And then there was the temperature rating. I was pretty sure there was no way this bag was gonna keep me warm down to 17º F.
But I was surprised to find that not only did I like the bag, it was actually quite cozy. I camped in temps that hit overnight lows of 40º, if not lower, and with both wings on I wasn’t even kind of cold. Not even a little. I actually had to shed a layer and my hat in the middle of the night because I was sweating. That never happens. I am a very cold sleeper.
The next night the low was around 50 and I threw off both wings in the middle of the night and was exceedingly comfortable without them. Meanwhile, Josh got chilly every time he rolled over in his Big Agnes Lost Dog 15 (although he did not have a sleeping pad in the pad sleeve, which is essential for warmth).
So basically, sorry for underestimating you, UST. That’s my bad.
Did I still find the absence of baffles strange? Sure. It’s easier to get tangled in loose fabric without some strategic stitching, though that’s not all baffles are for, of course. Was the floppy and bisected draft collar still kinda wonky and unwieldy? A little bit. But it still worked. Did I get used to the zipper down the center. Yeah. Almost immediately.
That said, that zipper placement means you can’t attach two sleeping bags together if you’re trying to get cozy with a camping partner. Which is a nice feature to have. But the UST Monarch hood cinches easily and the footbox has more insulation than I thought so, no, my feet didn’t even get a little chilly.
I do wish the accessory pocket was on the inside of the bag instead of the outside. A pocket on the outside makes any gear like a phone or headlamp you put in there not only harder to get to, but doesn’t insulate battery-powered items, which is important to do in colder temps that can drain batteries.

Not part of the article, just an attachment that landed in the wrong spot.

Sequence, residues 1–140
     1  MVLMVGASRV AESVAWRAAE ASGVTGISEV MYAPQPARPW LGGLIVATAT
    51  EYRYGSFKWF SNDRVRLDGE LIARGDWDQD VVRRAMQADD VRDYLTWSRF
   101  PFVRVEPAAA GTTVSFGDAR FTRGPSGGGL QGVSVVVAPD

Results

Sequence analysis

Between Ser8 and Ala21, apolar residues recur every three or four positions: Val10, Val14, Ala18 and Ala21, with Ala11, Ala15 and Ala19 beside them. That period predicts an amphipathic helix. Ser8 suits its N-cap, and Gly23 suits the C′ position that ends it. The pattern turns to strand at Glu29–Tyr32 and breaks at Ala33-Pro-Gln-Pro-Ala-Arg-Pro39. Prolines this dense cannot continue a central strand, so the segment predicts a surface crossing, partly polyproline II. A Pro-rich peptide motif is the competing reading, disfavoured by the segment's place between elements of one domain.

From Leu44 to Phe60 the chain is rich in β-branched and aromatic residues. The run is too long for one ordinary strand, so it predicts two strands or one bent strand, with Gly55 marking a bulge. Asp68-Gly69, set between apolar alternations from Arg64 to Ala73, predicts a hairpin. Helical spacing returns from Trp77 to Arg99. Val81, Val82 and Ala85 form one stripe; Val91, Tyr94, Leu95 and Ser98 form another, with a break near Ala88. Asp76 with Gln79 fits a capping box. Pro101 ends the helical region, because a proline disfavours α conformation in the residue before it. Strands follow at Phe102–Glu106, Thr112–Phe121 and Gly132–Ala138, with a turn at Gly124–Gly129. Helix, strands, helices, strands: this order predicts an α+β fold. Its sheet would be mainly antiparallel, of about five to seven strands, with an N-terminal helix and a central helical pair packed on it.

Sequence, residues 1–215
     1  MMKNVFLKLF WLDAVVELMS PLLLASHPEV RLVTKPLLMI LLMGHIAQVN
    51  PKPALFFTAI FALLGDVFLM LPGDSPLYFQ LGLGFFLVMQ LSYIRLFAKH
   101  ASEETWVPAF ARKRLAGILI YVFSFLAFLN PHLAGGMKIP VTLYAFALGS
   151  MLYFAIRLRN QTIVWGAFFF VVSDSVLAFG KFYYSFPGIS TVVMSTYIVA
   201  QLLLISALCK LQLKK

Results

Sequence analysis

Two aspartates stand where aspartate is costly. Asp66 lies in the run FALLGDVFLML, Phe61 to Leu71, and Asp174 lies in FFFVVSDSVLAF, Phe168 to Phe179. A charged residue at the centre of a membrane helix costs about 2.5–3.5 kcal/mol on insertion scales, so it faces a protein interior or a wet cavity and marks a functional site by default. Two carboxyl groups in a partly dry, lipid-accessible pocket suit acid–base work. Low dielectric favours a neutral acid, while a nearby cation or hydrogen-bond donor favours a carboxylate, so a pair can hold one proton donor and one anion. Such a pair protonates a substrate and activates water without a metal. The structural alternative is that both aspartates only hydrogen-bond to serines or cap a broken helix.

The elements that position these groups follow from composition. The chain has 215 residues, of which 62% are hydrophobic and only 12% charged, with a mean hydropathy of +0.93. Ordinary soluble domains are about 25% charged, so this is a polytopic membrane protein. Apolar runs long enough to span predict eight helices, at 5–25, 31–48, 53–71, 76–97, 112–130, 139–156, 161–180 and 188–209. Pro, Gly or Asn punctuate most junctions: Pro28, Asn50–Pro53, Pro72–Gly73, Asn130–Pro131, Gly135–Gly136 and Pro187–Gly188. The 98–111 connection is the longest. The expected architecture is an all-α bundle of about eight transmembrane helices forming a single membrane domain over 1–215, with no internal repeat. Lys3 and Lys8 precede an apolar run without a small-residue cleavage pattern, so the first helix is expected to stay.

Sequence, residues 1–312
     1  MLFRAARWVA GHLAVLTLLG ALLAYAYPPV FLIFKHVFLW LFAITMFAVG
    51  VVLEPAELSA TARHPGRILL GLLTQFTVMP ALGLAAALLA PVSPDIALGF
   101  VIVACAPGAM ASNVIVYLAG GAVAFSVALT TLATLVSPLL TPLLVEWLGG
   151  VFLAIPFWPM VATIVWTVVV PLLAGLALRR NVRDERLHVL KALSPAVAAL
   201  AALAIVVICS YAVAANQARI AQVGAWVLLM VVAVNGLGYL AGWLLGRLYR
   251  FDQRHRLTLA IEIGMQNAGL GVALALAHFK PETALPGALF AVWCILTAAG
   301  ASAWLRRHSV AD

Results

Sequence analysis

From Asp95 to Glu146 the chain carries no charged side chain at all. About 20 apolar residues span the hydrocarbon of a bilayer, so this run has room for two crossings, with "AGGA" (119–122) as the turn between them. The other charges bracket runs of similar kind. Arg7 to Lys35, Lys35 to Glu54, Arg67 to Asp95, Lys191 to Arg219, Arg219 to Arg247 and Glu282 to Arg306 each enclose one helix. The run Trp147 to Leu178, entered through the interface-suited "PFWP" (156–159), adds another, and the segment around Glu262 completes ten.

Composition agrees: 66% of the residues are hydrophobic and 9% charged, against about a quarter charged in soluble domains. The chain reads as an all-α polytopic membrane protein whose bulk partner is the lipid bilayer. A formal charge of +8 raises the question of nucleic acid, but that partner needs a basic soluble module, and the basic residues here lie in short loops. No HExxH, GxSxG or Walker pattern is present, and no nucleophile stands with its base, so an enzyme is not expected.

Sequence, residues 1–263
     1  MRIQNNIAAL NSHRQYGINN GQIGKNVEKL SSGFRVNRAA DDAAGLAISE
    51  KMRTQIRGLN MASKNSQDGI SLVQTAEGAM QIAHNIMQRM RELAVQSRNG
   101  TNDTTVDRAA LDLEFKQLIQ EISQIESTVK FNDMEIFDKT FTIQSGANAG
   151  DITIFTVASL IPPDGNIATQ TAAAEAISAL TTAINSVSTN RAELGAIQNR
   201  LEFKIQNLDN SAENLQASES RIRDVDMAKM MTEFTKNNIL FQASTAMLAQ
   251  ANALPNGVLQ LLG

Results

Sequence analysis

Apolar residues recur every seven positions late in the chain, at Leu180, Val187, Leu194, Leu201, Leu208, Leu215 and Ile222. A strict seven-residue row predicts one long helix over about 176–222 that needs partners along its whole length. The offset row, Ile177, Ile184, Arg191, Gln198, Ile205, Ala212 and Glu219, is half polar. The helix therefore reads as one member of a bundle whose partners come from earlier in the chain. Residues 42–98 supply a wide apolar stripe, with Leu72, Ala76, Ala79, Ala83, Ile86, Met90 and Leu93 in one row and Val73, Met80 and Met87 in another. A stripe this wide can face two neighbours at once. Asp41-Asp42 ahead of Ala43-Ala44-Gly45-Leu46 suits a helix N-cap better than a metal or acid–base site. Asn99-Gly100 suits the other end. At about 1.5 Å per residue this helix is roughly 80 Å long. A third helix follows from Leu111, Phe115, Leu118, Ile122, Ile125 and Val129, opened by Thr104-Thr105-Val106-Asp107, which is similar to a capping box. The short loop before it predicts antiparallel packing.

But I loved the removable wings. Each one stuffs into a very plush little pillow and one wing makes a pretty great blanket or shoulder wrap when you’re just hangin’ out around camp. Plus it’s all super soft and squishy. And it’s fun colors. Which I appreciate. Because I like fun colors. In the outdoors, anyway. Ninety percent of my day to day wardrobe is black…
- Versatile for cold- or warm-weather camping
- Removable wings double as pillows or blankets
- Ventable foot box for warm nights
- Warmer than expected
- Draft collar
- Draft tube
- Stash pocket
- Comes with a compression sack
- Recycled insulation
- Soft nylon fabric
- Not a super sustainable brand
- Gear pocket on outside instead of inside
- Can’t zip two bags together
- Not super lightfoot backpacking
Long story short, UST is one of few outdoor brands that doesn’t take itself too seriously but still, apparently, makes some pretty dope gear.
The only thing we’d like to see in the future is more of an emphasis on sustainability. The Monarch is the only item right now that uses any kind of recycled materials and the brand itself doesn’t have any significant sustainability measures in place, but they do offer a warranty on defective gear that says they’ll repair or replace it.
And they are reducing single-use packaging and shipping materials, so that’s a good start and a definite plus. I’m curious to see what other sustainability measures they’ll implement in the future, though. So consider yourself challenged, UST.
What do you think? Could you use a quality multitasker like the UST Monarch in your gear closet? You didn’t discount it right off the bat just because it doesn’t take itself too seriously did you? Either way, check out the Monarch for yourself here, then go sleep outside. And stay all cozy and comfy with one bag that does it all when you do.
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Alisha is a freelance writer and photographer based in Austin, TX. She loves her tiny house, vegan food and experiencing the community of travel in far away places. She’s also pretty sure she’s addicted to coffee. alishamcdarris.com